Liberian prosecutors say they are currently in conversation with indicted former Central Bank of Liberia (CBL) Executive Governor Milton Weeks to find a common ground in resolving his trial for his alleged role in Liberia’s LRD$16 billion scandal, thereby asking the Criminal Court “C” to suspend the trial for three weeks.
“Movant submits that the burden of providing the indictment drawn against the within named respondent rests on the Movant and where both the Movant and Respondent are endearing to find a common ground on the way forward in resolving the matter to save time, energy and resources, it is proper for an application of this sort to be made so that the parties can have ample time to discuss and reach a peaceful agreement before proceeding,” the State’s motion filed Monday, 25 May reads.
The State argues that the practice and procedure in this jurisdiction instruct that where the parties at their own volition have initiated the process of opening windows of opportunity to hear each other’s concerns and advance suggestions on how to resolve a triable issue gear at finding an amicable solution …, a motion for continuance is the proper remedy at law to invoke.
The prosecution notes that its request for continuance is not made in bad faith, nor is it intended to baffle or prolong the proceedings, requesting the court to grant them further relief as the court deem just and equitable in the proceedings.
Mr. Weeks has remained the lone defendant in the LRD$16 billion economic sabotage trial after prosecutors nolleprosequi (drop charges against) his alleged accomplices including former President Ellen Johnson – Sirleaf’s son Charles E. Sirleaf, DorborHagba, Richard Walker and Joseph Dennis while challenged a previous decision at the Supreme Court.
Due to the prosecution’s move, the court on Tuesday, 19 May quashed and dismissed a writ of ne exeatrepublica used by prosecutors to prevent the four CBL officials from leaving Liberia in granting government’s request to drop charges against them. But what happened to the $16 billion local currency which prompted the defendants’ indictment still remains a mystery.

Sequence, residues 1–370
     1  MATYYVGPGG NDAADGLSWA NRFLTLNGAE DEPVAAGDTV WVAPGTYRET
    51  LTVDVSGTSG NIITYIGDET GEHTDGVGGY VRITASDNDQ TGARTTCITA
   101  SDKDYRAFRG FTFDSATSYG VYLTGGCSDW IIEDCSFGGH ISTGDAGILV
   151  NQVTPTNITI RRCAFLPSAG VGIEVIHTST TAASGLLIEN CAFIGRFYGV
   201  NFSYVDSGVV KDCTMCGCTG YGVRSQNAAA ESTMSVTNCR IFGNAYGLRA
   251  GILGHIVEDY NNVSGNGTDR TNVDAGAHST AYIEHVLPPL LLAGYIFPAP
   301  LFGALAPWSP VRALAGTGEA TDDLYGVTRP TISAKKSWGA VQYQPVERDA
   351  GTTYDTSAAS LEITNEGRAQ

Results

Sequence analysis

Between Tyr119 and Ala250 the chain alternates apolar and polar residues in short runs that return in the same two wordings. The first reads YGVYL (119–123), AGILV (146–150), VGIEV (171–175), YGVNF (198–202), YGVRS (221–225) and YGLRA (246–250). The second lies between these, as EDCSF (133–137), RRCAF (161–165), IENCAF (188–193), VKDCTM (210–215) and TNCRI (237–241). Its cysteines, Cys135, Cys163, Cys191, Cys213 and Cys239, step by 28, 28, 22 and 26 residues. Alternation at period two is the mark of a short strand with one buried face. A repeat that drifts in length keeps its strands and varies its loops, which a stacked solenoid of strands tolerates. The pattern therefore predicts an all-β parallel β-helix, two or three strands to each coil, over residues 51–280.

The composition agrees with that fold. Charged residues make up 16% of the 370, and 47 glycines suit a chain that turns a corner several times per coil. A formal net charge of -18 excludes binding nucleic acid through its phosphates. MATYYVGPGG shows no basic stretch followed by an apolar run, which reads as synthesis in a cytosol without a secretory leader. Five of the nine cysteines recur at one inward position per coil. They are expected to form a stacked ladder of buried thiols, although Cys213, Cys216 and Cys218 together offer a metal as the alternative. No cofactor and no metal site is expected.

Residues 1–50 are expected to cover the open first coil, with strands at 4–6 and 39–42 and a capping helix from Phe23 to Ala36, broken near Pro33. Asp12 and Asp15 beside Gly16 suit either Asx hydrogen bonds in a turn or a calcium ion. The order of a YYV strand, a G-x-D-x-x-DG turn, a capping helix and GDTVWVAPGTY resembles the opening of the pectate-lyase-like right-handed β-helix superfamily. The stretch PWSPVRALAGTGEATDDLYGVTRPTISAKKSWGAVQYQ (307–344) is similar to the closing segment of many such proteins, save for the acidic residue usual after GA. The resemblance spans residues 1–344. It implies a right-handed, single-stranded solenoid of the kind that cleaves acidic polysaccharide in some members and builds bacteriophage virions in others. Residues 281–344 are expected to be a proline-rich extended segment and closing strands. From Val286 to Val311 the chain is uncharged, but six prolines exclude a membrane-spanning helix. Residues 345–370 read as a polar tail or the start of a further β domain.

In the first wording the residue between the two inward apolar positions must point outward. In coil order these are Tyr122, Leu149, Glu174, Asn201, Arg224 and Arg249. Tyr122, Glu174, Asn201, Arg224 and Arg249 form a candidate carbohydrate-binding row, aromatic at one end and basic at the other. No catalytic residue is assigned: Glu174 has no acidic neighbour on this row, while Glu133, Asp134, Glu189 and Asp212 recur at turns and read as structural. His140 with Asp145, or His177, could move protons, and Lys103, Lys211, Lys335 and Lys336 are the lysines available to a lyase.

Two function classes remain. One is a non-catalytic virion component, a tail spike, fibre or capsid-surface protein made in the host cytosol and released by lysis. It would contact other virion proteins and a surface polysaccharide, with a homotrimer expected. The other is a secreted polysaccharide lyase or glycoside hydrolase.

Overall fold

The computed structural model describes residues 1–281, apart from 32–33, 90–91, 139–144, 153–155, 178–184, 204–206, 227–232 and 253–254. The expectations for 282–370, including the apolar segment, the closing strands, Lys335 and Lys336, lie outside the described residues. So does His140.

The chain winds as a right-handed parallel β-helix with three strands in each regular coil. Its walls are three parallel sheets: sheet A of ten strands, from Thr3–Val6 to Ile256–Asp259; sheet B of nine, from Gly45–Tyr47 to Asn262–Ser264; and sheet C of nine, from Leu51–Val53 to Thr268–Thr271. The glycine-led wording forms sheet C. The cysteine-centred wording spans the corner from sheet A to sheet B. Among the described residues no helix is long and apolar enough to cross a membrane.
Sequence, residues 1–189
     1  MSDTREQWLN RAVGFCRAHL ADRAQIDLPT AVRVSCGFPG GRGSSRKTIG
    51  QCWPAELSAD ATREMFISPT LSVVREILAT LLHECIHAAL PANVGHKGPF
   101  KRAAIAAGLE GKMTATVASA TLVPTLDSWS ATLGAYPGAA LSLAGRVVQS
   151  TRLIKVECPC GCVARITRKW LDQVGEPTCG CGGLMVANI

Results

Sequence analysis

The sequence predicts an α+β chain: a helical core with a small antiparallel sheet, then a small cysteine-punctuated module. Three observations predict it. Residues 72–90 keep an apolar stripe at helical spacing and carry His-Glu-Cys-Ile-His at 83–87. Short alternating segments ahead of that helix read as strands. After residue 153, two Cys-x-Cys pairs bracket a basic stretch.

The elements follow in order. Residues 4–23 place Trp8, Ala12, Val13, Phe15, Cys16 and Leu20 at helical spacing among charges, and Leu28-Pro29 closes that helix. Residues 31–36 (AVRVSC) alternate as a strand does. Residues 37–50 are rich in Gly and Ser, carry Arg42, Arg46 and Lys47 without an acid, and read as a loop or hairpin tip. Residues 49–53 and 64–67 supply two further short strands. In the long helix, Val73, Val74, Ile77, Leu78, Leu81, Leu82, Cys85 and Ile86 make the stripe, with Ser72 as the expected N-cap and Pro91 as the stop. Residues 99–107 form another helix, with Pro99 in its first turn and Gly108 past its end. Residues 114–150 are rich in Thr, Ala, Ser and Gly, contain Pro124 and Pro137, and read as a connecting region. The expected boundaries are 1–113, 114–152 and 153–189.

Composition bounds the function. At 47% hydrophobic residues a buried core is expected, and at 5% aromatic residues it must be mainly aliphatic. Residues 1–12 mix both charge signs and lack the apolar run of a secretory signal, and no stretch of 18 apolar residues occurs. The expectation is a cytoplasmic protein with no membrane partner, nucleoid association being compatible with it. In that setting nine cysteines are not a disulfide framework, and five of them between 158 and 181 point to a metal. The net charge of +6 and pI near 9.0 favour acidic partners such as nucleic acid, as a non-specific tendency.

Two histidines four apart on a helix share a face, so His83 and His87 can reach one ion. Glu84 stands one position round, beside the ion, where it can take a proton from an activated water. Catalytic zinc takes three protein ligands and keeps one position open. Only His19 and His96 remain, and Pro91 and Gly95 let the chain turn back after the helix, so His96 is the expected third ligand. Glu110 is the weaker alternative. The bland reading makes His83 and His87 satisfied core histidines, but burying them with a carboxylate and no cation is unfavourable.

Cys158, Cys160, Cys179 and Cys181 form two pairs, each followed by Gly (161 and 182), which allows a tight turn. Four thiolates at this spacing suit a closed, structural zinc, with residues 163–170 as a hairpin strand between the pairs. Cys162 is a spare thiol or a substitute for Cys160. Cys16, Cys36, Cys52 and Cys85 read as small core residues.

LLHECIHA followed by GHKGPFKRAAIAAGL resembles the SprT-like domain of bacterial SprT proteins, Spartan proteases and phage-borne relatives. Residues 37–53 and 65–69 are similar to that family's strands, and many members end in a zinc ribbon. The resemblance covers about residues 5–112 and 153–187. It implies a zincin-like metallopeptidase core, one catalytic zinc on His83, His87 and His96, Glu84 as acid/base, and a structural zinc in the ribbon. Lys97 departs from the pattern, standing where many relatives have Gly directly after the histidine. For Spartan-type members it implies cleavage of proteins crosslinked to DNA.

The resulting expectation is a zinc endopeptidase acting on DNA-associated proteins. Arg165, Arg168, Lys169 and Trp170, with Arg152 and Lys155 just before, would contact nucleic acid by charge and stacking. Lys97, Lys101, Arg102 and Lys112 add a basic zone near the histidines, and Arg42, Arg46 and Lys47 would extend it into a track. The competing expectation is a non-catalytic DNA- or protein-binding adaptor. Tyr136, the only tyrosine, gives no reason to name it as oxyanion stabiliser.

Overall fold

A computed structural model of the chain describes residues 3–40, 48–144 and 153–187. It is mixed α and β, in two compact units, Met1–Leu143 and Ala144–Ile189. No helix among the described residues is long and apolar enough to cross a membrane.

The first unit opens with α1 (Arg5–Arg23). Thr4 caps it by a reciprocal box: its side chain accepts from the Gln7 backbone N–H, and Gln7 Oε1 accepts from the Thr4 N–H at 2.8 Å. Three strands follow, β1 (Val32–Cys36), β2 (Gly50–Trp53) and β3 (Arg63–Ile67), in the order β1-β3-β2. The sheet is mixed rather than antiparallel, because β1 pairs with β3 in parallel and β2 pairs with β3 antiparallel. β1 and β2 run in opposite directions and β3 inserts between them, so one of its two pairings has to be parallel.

Having seen his compatriots walk as free men, Mr. Weeks, who initially had a matter pending before the Supreme Court from the same case, withdrew his appeal from the high court, which then ordered Court “C” to commence the trial.
At the commencement of the case Monday, 25 May, the prosecution informed Court “C” Judge YamiQuiquiGbeisay that in the last few days, there are strong indicators that suggestions geared at mitigating the charges and finding a way forward in dealing with other issues are quite ripe and incredibly probable, thus requesting for continuance of the proceedings.
Mr. Weeks and four other defendants were all indicted on 4 March 2019 for economic sabotage, criminal conspiracy, criminal solicitation and money laundering for their alleged roles in Liberia’s alleged LD$16bn scandal that rocked the country throughout 2018 and sparked local and international investigation following protests here.
The Court in August last year ordered the officials and their former boss, Mr. Weeks to file LD$1,058,000,000 bonds each, which when combined totaled LD$5,290,000,000 after a new indictment for money laundering had been added to the previous charges.
At the request of the Government of Liberia, the United States Agency for International Development (USAID) issued a tender to contract independent forensic investigation firm Kroll Associates to conduct a scoping report engagement to ascertain the basic facts of the alleged disappearance of the new banknotes, and to determine to what extent a broader investigation would be required into the matter to help achieve a clearer understanding of the currency situation.
Kroll’s independent review of the situation was in part prompted by Liberian and international media reports covering the alleged disappearance of the new banknotes, which included allegations that a container of new banknotes shipped by Crane AB to Liberia and subsequently delivered from either the Freeport of Liberia or Roberts International Airport to the CBL was missing.
It reported that the actual value of new banknotes printed by Crane AB to Liberia totaled LRD 15.506 billion, therefore new banknotes totaling LRD 0.506 billion were printed by Crane AB above the initial contractual amount of LRD 15.0 billion.
Of the new banknotes printed and shipped by Crane AB totaling LRD 15.506 billion, Kroll said the CBL had injected new banknotes totaling LRD 10.146 billion into the Liberian economy without removing from circulation (and destroying) the equivalent quantity/value of legacy banknotes.
By Winston W. Parley